Ah Europe 72, the tour that continues to bring joy again, and again, and again. The nice thing about picking songs from this tour is that pretty much every song they played was good if not great. But the final four London shows constitute a run that is in many ways the apotheosis of the tour and they are played as such. This Goin’ Down The Road Feeling Bad was played during the penultimate London show and it’s a real keeper.
(For those that don’t want to or can’t pony up for the whole box set or the 4 individual shows as they run about $25 or so each, a wonderful alternative is the Steppin’ Out compilation, which draws specifically from the British shows on that tour. A phenomenal collection.)
There’s something about the idea of Goin’ Down the Road Feeling Bad that calls to mind the proverbial British “stiff upper lip” as well. I’m not quite sure why.
But this version has it all: peaks, valleys, a solid groove, an instrumental We Bid You Goodnight… what else can you really ask for? Enjoy!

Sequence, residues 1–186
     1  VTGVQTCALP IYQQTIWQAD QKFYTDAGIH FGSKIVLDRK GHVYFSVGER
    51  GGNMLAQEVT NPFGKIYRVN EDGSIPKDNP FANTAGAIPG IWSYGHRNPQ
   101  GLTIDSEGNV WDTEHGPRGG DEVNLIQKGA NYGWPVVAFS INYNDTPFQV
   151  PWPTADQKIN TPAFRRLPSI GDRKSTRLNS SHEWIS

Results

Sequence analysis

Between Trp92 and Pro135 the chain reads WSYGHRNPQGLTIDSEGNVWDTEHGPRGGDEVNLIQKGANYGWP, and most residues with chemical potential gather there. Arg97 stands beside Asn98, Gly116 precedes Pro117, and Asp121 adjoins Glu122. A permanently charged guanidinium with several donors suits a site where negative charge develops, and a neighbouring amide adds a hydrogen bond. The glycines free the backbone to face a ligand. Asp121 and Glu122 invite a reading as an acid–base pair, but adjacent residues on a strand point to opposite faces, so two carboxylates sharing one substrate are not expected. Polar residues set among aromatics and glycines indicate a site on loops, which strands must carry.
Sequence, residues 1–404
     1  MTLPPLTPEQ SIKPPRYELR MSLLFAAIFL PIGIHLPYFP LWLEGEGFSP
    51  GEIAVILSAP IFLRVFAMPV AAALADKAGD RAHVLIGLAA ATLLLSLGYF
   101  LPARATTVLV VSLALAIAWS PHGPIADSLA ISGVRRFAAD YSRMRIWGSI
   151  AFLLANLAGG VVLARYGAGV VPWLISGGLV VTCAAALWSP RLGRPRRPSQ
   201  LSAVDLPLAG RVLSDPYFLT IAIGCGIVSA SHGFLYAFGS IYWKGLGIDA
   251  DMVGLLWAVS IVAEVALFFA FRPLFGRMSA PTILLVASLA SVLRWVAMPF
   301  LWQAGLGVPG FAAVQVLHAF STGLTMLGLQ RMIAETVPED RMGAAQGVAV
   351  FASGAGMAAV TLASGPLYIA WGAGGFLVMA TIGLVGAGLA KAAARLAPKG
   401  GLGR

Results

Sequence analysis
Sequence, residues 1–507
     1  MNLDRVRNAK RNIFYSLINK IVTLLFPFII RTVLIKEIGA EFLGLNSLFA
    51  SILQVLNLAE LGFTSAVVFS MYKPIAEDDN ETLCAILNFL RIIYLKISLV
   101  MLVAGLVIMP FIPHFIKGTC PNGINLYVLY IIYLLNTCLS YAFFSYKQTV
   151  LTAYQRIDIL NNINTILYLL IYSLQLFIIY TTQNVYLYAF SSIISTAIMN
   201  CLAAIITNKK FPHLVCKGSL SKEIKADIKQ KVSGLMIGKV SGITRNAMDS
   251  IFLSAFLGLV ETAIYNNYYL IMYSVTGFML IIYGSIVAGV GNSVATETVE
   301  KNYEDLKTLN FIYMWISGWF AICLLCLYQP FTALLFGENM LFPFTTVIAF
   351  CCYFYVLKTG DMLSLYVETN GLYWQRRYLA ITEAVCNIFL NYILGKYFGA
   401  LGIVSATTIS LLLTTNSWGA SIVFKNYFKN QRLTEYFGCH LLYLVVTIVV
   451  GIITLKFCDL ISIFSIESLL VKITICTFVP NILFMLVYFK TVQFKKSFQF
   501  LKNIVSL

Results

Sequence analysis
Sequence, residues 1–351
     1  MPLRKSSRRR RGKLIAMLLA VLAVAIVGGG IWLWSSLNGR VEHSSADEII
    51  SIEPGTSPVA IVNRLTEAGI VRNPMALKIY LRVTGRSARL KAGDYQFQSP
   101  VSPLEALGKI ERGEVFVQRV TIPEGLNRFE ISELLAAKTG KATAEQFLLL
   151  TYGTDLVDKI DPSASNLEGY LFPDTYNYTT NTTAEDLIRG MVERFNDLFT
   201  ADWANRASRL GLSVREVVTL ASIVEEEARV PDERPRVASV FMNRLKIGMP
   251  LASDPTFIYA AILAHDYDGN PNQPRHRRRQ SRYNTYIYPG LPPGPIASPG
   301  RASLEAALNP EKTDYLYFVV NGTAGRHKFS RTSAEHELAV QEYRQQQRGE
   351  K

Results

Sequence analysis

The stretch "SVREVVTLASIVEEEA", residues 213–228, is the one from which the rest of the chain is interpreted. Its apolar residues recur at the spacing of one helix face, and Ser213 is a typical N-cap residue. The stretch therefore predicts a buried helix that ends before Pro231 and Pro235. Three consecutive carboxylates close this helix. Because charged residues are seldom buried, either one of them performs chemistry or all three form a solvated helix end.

This one gets off to a bit of slow start until the band finds the groove. It’s really nice to hear Pigpen adding in splashes of organ and Bobby’s choppy, inverted chords are always a window into the unique. The words just seem to ooze slowly out of Garcia, like pouring molasses on a chilly day – thick, slow, and sweet. The mix in the first instrumental break is great to my ears – you can hear both Keith and Pigpen – always a bonus. Hearing Pigpen’s organ work in the following verse almost has a reggae-ish quality to it at some points. That’s definitely not something you expect to hear from the avowed bluesman. Phil really steps up during the next instrumental section, investigating the lower bounds of the audible sound field. Donna rips off a little wail at one point and it’s not even obnoxious! The joie de vivre of the song is almost infectious. Keith pounds the ivories at the 6 minute mark; he’s either caught up in the song, cuing a change or both. The frenzy comes to a halt to make way for the groove for the next round of singing. The energy is ratcheted back up and the singers aren’t shredding their voices, but they’re definitely getting into. Almost on a dime the frenzy dies down again as Jerry played the We Bid You Goodnight melody. This creates a mellow mood for the rest of the song before the band jumps into One More Saturday Night.